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How to develop Product Intuition

Updated: Mar 24, 2021

No, it can’t be right. One can’t learn Product intuition. It is something that you are born with.

This used to be my reaction when someone used to say they have gotten better at product intuition. Overtime, I realised they were right.

Intuition is the ability to understand something instinctively, without the need for conscious reasoning. Product Intuition is just a skill and like any other skill it can get better with practice and experience. It’s a combination of deeply understanding the goals of a product, constant evaluation of those goals and fulfilment of those goals to serve the end customers.

When you started typing for the first time, was it this fast as you do it now? No, right? When your mom learns to type something on the laptop, she tries to locate alphabets first, type and then validate them looking at the screen. If you continue to practice doesn’t it become intuitive?

In this article, I am going to talk about how to get better at product intuition.

There are 4 important points to learning product intuition. It has acted as a solid framework for me to follow.

  1. People Obsession — The art of moving from a customer obsessed to people obsessed person.

  2. Product Goals — The art of identifying the right goals for a product and their constant evaluation

  3. Product Tear Down — Reverse engineer the thinking that went behind making a product

  4. Rinse & Repeat — The most important one. Practicing the above over and over again.

People Obsession

We often say, a product manager should be customer obsessed.

I differ.

I believe a good product manager should be people obsessed. Customer obsession should be a subset of people obsession. I’ve been practicing this for the last few years. By taking interest in people’s life, getting to understand their problems, the reasons for their problems and how they approach solving their problems has helped me get better at intuition. This helps develop empathy which is one of the most important factors which contributes to product intuition.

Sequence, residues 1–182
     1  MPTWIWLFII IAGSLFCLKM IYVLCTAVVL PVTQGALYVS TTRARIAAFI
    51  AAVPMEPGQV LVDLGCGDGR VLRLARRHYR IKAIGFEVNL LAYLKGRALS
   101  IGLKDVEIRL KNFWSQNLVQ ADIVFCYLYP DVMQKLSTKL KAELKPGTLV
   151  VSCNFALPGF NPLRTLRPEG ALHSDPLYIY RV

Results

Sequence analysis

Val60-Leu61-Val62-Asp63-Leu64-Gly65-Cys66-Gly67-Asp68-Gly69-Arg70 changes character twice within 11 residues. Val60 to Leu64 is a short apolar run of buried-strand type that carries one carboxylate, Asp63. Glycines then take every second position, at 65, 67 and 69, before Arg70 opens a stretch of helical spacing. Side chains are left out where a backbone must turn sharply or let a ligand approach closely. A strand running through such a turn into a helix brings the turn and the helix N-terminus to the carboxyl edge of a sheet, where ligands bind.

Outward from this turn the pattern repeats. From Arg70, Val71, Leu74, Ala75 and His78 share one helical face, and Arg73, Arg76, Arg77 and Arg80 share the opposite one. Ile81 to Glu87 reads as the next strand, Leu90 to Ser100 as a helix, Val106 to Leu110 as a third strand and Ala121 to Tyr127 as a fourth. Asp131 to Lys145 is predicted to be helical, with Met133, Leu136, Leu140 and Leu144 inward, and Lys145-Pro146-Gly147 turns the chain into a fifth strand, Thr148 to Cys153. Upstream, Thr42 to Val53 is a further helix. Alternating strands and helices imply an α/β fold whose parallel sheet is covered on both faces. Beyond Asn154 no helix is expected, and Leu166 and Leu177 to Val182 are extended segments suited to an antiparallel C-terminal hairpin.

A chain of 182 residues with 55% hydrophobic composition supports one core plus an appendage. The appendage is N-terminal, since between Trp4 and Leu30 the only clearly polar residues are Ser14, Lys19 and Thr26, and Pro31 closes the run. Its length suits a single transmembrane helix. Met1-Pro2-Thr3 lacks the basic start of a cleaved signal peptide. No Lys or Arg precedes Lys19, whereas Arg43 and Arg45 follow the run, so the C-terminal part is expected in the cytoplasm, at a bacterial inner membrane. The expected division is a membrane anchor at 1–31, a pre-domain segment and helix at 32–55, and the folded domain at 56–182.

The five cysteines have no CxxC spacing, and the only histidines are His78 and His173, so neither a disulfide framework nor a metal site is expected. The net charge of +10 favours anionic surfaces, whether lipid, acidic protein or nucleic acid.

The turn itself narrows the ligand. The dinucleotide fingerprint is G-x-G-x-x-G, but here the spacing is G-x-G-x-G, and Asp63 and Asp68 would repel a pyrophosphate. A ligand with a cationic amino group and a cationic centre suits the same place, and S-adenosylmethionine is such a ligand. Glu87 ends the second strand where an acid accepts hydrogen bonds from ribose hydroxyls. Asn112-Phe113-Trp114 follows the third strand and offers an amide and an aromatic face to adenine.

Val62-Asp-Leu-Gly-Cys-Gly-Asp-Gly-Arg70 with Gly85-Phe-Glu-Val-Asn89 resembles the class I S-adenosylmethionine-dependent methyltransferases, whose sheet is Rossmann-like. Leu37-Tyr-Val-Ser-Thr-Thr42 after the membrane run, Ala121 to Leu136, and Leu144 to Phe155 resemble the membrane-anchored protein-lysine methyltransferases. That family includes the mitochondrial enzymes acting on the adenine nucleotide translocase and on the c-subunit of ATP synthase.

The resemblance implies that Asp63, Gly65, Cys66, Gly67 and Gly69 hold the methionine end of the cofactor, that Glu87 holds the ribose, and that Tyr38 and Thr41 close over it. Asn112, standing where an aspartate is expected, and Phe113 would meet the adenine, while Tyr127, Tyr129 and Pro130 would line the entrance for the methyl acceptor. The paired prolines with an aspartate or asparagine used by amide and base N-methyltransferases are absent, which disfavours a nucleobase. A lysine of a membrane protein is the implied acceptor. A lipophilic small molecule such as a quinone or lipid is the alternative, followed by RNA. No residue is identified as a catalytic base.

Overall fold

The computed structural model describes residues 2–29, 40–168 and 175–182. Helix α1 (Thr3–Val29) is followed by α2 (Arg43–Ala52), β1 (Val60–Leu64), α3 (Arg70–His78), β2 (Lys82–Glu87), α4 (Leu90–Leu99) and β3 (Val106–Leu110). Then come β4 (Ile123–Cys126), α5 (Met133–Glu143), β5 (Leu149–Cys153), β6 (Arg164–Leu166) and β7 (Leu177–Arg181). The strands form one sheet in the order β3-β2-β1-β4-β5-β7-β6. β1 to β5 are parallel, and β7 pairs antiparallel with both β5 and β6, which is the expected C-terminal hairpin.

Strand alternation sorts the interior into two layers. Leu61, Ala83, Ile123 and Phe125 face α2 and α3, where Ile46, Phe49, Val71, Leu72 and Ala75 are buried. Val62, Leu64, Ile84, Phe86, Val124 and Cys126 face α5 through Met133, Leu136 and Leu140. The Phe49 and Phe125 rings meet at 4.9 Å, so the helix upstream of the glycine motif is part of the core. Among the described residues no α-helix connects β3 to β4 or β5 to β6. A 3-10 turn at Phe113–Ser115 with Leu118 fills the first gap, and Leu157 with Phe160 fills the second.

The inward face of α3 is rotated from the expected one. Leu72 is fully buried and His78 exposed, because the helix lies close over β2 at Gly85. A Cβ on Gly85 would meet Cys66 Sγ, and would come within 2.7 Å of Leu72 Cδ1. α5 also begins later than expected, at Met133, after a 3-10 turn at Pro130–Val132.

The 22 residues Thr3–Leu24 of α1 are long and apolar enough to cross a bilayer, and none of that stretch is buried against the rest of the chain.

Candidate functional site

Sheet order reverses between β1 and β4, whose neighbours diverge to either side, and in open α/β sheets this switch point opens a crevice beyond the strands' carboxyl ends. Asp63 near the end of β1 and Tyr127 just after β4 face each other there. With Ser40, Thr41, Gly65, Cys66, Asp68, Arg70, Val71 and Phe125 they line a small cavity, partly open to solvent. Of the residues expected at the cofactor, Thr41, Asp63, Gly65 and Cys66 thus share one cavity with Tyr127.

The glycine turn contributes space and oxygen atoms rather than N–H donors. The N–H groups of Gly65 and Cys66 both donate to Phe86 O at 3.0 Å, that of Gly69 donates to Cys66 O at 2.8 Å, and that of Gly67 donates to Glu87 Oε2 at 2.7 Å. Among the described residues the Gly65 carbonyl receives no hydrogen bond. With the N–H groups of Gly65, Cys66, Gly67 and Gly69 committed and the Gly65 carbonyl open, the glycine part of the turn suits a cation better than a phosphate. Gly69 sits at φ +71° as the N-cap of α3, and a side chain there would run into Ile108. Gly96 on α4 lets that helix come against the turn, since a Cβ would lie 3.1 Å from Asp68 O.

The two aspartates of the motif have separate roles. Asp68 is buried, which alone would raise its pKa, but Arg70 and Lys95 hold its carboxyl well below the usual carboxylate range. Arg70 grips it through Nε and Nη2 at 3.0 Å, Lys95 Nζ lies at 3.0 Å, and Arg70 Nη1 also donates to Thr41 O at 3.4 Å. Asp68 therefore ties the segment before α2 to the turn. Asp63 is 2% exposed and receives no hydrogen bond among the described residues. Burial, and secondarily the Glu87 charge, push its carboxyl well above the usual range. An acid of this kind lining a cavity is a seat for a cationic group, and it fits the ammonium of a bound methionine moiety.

For reference,

A customer obsessed PM will shut his mind off when in a group discussion if the discussion is not related to his market while a product obsessed PM will take interest with utter curiosity to understand more about different markets, customer behaviours.

Product Goals

As a practice, pick up any product and list down the goals for that product. Do this weekly. Consider the following points while making a goals list:

  1. Who are the end users of the product? What matters the most to them. List them down as goals of your product.

  2. What motivates them to buy this product? Add those goals to the list

  3. Look at the marketing material and the narrative of the product. List down goals from this perspective too

The art is picking the products where you are not the target audience. This will stretch your creative muscle.

Product Tear Down

Weekly, gather team members from design, product management and analytics and try tearing down a product. Which means, investigate and reverse engineer the thinking, the positioning and the user experience of the product. You have to look at a variety of products and learn how different products have cracked multiple user experiences like the onboarding of users or how they are engaging users on the app. You have to go deep and question almost everything asking yourself, why X product has created this experience?

I generally do it like this:

  1. In the first half of the day, just pick 1 product and learn about their user experiences.

  2. List down the new experiences you learnt

  3. In the second half of the day, ask strategic questions like why did this product was built? Who will use this? What kind of trade offs were made? How do they know they are going to be successful? What are they tracking?

Rinse & Repeat

It’s not a day’s job but months of practice. There’s no direct way of measuring if you are improving at it but here is a simple framework that has helped me keep a track of it.

  1. List down the product features which are purely out of intuition

  2. Attach a KPI to track how the feature is performing

  3. Out of 3 features you launch in a month, if your success rate is improving month on month, then you know you are getting better at it.

I’m happy to help people who are willing to improve on their product intuition. So here’s a small exercise as a takeaway.

  1. List down the goals for Instagram

  2. Tear it down and try to answer these questions

  3. Why did Instagram launch stories?

  4. How does Instagram onboard new users?

  5. How does Instagram onboard new features?

  6. How does Instagram plan to launch a new feature to make sure it’s successful?

  7. What wowed you about Instagram?

Feel free to send your responses at I’ll definitely take out time and respond to all of them.

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